Golden Pillow

Instagram Post 6/9/2018

(Click on any image to view it in high resolution.)


If having fun with food is for kids, then set your inner child free on this one:

Here is the bread,

Sliced without worry.

Open the doors

And see all the curry!

Curry Chicken with Potatoes, that is. This is the mammoth curry chicken bun, identified as Golden Pillow on the menu, that you may have heard about and it’s as tasty as it is fun; remember that you need to order it a day in advance. (Note: we removed the curry chicken from the plastic and foil cooking pouch for the final photo; it made for easier dipping!) Little House Café at 90-19 Corona Ave in Elmhurst, Queens is an Asian fusion venue with a few tables and a delicious way with Malaysian food; I’ve raved about their Curry Mee with Young Tao Fu as well as their colorful multi-layered taro cake previously. When you go, don’t neglect their great baked goods and desserts to round out your meal or to take home for a midnight snack.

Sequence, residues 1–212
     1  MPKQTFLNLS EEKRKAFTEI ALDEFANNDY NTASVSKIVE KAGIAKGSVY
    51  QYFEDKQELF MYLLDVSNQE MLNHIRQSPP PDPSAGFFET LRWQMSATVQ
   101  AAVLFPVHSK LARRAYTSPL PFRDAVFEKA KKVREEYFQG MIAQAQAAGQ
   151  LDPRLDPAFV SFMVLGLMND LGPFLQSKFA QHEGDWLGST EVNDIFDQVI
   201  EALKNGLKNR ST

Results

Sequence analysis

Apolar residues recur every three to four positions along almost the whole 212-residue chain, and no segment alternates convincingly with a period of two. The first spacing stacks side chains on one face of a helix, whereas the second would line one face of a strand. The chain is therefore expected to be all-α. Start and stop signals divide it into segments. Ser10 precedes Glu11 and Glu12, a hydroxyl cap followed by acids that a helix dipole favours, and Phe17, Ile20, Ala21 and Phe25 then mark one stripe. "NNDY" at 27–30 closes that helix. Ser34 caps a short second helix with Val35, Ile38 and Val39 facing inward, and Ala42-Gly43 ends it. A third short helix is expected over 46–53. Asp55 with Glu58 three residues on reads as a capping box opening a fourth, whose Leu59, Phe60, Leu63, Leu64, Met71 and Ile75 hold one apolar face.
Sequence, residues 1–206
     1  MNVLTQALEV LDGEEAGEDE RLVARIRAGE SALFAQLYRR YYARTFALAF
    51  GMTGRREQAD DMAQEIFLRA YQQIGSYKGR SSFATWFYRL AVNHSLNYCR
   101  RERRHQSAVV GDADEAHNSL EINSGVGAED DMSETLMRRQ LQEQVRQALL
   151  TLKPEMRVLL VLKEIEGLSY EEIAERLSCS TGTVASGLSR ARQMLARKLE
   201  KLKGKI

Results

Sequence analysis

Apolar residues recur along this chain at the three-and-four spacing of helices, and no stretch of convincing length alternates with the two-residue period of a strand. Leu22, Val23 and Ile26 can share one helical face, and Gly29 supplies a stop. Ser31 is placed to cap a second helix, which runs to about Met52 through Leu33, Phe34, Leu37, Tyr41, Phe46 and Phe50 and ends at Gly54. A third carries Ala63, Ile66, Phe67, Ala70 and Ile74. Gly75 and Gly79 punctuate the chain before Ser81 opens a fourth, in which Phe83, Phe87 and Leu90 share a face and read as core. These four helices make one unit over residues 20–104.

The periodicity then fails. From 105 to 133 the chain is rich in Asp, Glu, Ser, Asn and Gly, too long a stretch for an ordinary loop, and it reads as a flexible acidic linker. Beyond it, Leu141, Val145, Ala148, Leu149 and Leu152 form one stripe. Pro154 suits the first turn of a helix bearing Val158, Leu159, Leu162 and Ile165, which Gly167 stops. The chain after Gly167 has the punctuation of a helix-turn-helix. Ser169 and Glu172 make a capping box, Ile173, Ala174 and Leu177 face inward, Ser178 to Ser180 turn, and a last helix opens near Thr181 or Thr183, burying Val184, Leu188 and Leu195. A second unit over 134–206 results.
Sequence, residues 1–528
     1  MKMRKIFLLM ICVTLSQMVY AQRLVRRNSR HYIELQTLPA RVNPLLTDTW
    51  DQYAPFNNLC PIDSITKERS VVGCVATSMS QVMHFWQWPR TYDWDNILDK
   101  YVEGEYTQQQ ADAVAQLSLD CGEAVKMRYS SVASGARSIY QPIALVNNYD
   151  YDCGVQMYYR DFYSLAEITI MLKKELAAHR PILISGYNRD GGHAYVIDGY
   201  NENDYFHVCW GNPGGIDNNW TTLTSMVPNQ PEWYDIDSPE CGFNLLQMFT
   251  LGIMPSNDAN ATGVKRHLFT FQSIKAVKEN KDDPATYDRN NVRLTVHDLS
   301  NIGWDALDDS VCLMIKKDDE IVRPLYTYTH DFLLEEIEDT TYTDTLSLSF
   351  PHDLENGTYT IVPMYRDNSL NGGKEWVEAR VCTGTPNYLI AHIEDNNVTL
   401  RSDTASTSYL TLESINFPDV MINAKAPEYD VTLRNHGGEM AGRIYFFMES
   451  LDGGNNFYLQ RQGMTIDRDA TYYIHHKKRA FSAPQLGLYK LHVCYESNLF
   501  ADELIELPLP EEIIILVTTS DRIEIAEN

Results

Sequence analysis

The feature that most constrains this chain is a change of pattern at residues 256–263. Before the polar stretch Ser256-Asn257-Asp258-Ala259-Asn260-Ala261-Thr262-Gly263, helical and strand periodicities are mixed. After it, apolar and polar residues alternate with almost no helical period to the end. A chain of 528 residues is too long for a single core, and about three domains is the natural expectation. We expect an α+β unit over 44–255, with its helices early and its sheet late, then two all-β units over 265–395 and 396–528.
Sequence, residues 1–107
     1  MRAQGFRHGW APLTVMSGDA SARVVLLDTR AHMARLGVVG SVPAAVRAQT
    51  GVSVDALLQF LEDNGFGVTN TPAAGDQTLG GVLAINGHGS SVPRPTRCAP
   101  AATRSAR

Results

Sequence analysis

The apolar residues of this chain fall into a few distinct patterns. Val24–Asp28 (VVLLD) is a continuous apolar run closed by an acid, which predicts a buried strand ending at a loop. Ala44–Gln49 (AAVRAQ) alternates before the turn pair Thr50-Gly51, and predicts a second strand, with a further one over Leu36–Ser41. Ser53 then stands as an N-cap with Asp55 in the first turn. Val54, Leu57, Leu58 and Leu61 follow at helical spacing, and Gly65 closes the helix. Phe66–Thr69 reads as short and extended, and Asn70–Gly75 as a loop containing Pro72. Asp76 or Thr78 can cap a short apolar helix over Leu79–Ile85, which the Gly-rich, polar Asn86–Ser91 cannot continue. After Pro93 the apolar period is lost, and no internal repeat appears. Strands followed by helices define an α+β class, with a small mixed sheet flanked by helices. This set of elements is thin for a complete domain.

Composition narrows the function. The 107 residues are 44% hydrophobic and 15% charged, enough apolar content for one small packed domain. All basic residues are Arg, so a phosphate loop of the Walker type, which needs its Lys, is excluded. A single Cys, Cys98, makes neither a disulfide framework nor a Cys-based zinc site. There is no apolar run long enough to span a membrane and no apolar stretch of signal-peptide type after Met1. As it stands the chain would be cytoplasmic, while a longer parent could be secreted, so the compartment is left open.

Let’s Makan

Instagram Post 5/29/2018

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Let’s Makan (“makan” = “eat” in Malay), a newcomer to Manhattan’s Chinatown at 64A Bayard St, proves the adage that good things come in small packages. Every foodie I know is buzzing about this little snack shop’s Apam Balik, a Malaysian crêpe (available in traditional, pandan, ube, or chocolate), folded around a filling (your choice of butter, ube, Nutella, pumpkin, taro, or kaya), with toppings like peanuts, corn, toasted coconut flakes, cornflakes, or seasonal fruit. And if the decision sounds overwhelming, they have some tried and true suggestions for you like “Auntie’s Favorite”.